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What Boston can expect of Andris Nelsons

I was present when the young Latvian gave his first public concert with the City of Birmingham Symphony Orchestra. Public concert?

The only previous occasion he had conducted in Birmingham was a closed acoustic test for the refurbished town hall. The CBSO were losing Sakari Oramo that season and several respected contenders had been lined up for audition. Nelsons was not among them.  So excited were the musicians at the acoustic test that several of them texted their chief executive to hire the debutant without delay.


andris nelsons bayreuth

The lightning flash behind closed doors was repeated in an unscheduled Sunday-afternoon concert in November 2007. He gave a dazzling performance of a Tchaikovsky symphony and hung around afterwards for drinks.  At 29, there was a quiet authority to the man. He had been music director of the opera in Riga and conducted his first Ring before heading off to work abroad, mostly in Germany. He knew his priorities and would not be swayed from them. When his first child was about to be born, he took paternity leave - probably the first music director ever to do so. He pulled out of a major tour when his baby daughter fell ill.

What he liked in Birmingham was the lack of fuss – what you see is what you get. His centenary Mahler cycle was, by my estimation, the best in Britain and he has followed with an epochal rediscovery of the Shostakovich symphonies. He’s not finished yet. His rolling contract with the CBSO runs to the end of the 2014/15 season and he may well continue with the orchestra in some capacity.


nelsons shost

Boston is getting a fraction of his time. He will, if I know Andris at all, require the orchestra to rethink many of its routines. Like his teacher Mariss Jansons, he tends to micromanage rehearsals. But he can see the big picture and is insatiably avid for ideas – and good cuisine. Boston will need to up its game on all fronts. When the Met needs a music director, he will be first in line.

You can listen to last summer’s Lebrecht Interview with Andris Nelsons here.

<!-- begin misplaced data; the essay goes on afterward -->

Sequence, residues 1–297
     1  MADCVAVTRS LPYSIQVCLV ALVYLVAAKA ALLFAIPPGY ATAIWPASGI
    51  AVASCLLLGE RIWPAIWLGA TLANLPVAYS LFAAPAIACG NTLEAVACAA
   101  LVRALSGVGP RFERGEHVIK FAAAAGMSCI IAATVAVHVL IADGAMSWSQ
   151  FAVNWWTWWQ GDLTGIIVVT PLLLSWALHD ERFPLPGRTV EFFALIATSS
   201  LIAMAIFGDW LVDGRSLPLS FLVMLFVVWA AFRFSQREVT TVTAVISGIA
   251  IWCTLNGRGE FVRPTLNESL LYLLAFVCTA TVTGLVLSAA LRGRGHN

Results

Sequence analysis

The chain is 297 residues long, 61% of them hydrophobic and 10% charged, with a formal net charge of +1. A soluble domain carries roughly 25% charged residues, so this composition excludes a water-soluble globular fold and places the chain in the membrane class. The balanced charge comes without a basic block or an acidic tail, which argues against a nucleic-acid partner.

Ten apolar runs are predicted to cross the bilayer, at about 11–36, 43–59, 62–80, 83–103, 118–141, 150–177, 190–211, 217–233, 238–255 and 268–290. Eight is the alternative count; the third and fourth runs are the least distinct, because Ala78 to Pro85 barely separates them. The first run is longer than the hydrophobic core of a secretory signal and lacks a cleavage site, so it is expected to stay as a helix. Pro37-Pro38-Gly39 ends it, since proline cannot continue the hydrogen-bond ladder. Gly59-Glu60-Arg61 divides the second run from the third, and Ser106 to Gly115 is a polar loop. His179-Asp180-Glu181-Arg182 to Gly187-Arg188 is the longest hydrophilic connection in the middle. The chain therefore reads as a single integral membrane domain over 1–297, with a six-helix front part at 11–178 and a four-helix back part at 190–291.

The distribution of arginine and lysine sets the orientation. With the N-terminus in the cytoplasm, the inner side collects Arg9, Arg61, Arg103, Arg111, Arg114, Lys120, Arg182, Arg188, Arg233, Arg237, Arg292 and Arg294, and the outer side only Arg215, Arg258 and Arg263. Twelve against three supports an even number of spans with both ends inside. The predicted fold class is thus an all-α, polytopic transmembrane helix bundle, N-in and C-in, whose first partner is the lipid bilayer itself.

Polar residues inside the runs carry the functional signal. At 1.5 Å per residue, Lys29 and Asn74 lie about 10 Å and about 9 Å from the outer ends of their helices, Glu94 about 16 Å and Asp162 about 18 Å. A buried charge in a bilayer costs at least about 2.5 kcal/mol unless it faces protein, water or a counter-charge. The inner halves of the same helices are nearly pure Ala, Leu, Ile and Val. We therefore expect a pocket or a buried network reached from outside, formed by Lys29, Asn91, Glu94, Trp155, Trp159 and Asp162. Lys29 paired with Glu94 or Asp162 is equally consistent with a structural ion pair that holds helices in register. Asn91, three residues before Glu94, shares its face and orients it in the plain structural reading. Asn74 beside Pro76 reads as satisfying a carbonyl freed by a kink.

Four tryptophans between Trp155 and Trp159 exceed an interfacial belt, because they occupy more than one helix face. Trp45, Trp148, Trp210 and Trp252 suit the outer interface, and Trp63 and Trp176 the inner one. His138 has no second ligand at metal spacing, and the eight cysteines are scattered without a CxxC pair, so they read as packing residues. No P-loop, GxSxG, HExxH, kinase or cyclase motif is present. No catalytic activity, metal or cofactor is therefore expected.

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  1. Thomasina Watson says:

    The Met DOES need a Music Director, and Nelsons should certainly NOT be first in line. Levine’s attempts to juggle both posts do not exactly suggest that it is a good idea… And Nelsons does not yet have sufficient opera experience.

    • Halldor says:

      He’s already been music director of one national opera company and is a regular at the Met, Bayreuth, Vienna and Covent Garden. It’s hard to think of a conductor of his generation who has more top-level operatic experience.

      • Theodore McGuiver says:

        What’s more, his Bayreuth Lohengrin is excellent. The orchestra fell in love with him immediately, no mean achievement up there. He’ll be staying on the Green Hill for Parsifal in 2016. A first-rate conductor and thoroughly nice man to boot.

      • Thomasina Watson says:

        I’m not quite sure you can compare the Latvian National Opera with the kind of off-podium work that the MD of the Met needs to do…

        • Theodore McGuiver says:

          He left Riga behind him a comparatively long time ago. As for his off-podium work, he’ll charm any number of blue-rinses into parting with their cash, I can assure you…

    • Squirrel says:

      Agree. Some of his Met work was pretty stiff. All of it that I heard was, anyway.

    • Don Drewecki says:

      Thomasina: Nelsons was appointed Musical Director of the Boston Symphony Orchestra, NOT the MetOpera. Read the article.